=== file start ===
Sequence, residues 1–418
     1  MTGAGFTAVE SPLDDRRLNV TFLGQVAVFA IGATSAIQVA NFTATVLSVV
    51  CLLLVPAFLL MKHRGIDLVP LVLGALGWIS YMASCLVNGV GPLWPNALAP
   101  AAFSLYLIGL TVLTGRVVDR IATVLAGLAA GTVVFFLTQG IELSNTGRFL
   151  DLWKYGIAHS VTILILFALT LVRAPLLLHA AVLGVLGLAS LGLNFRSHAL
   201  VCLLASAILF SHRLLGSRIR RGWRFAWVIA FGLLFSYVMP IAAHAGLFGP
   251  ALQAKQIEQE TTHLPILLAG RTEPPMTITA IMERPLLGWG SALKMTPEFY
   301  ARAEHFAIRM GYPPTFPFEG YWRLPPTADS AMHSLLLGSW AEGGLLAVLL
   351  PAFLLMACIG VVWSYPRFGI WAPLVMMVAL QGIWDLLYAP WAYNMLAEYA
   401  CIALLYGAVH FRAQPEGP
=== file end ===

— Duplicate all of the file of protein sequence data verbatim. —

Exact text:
Sequence, residues 1–418
     1  MTGAGFTAVE SPLDDRRLNV TFLGQVAVFA IGATSAIQVA NFTATVLSVV
    51  CLLLVPAFLL MKHRGIDLVP LVLGALGWIS YMASCLVNGV GPLWPNALAP
   101  AAFSLYLIGL TVLTGRVVDR IATVLAGLAA GTVVFFLTQG IELSNTGRFL
   151  DLWKYGIAHS VTILILFALT LVRAPLLLHA AVLGVLGLAS LGLNFRSHAL
   201  VCLLASAILF SHRLLGSRIR RGWRFAWVIA FGLLFSYVMP IAAHAGLFGP
   251  ALQAKQIEQE TTHLPILLAG RTEPPMTITA IMERPLLGWG SALKMTPEFY
   301  ARAEHFAIRM GYPPTFPFEG YWRLPPTADS AMHSLLLGSW AEGGLLAVLL
   351  PAFLLMACIG VVWSYPRFGI WAPLVMMVAL QGIWDLLYAP WAYNMLAEYA
   401  CIALLYGAVH FRAQPEGP